Transcript from the "Async Functions" Lesson
>> Brian Holt: Now, go to Action Creators. The first thing that I wanna do here is import ADD_API_DATA. I'm gonna export another function called addAPIdata,
>> Brian Holt: It's going to take an apiData, which is going to be of type Show, right?
>> Brian Holt: And then in here we are going to return a well formed action object, which is going to be of type, ADD_API_DATA and payload: apiData.
>> Brian Holt: So in particular here, we're actually not gonna be calling ADD_ API_DATA outside of this particular function, right? We're actually gonna handle this inside of action creators, but it's a good idea to export it anyway. Say, for example, you got API data, maybe from local storage, right? For example, you could use this add API data action to kind of load it from different sources, right?
[00:01:16] This is going to be useful other places other than just stuff coming back from the API. That's why it's good to do that. This is also good because now this is testable, right? So now I can import it into my test suite and test it, and it's a good idea to test action creators.
[00:01:32] In fact, we're going to do it. So, cool, okay. So now, Everything's all ready for us to start adding action, or API datas into our readout store. Now we wanna tackle the problem of making that asynchronous request inside of a thunk. So what we're gonna do now is we're going to export another function called get API details.
>> Brian Holt: Okay, this is going to take in an imdbID, which is going to be a string,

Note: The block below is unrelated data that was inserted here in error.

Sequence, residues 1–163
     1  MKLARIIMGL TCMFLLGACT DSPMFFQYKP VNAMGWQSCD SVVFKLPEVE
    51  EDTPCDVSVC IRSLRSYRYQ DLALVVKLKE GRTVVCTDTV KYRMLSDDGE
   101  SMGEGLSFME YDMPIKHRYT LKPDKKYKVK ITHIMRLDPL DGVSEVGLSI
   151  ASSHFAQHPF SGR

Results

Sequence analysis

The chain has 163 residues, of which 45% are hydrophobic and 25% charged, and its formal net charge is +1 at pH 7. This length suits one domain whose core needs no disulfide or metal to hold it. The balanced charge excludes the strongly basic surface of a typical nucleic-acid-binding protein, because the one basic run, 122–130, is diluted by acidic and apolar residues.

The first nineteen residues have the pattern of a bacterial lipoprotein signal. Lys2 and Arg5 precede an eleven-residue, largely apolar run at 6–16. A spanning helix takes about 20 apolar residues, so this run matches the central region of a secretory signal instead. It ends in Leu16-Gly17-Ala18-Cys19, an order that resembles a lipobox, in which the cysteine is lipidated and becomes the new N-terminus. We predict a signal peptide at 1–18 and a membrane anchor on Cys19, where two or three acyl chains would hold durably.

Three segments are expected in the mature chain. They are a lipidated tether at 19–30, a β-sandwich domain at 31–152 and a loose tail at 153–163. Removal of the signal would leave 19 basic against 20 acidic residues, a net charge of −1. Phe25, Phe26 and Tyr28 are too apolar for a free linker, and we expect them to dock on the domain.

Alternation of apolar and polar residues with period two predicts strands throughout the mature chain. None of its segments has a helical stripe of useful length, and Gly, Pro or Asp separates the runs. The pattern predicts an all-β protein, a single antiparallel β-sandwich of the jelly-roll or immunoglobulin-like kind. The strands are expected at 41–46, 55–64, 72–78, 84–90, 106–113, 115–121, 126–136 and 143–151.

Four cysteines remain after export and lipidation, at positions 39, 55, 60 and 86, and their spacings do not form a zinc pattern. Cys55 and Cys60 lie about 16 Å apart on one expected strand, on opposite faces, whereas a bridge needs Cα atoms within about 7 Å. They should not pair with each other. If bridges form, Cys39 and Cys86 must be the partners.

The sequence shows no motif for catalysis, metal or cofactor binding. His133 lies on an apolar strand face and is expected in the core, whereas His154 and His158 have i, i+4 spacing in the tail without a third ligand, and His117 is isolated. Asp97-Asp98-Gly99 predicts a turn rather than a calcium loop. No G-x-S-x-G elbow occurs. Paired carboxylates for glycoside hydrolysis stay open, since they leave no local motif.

>> Brian Holt: Okay? Now these action creators always return objects, right? That's kind of the contract there. However, this is going to return a thunk, right? And so what is a thunk? A thunk is a function.
[00:02:27] It kind of throws people off, but remember that we are dispatching this function into the Redac store and then redac is going to say cool. This is a deferred action so something is going to come from this. I'm going to call this function and wait for it to dispatch, okay?
[00:02:41] So that's why here you're gonna say return function. So it's gonna be a function that has dispatch injected into it, which is gonna be a function.
>> Brian Holt: So that's why we're returning a function here.
>> Brian Holt: And then in here we're just gonna do pretty much what we were doing inside of details.
[00:03:14] We're just gonna make our axios request here. In fact you need to go import axios at the top. Import axios from axios.
>> Brian Holt: Okay, and then we're gonna say axios.get. And this is gonna go to http://localhost:3000/, and we're just gonna put that imdb id right there, okay. And then we're gonna say .then, thine, .then, response.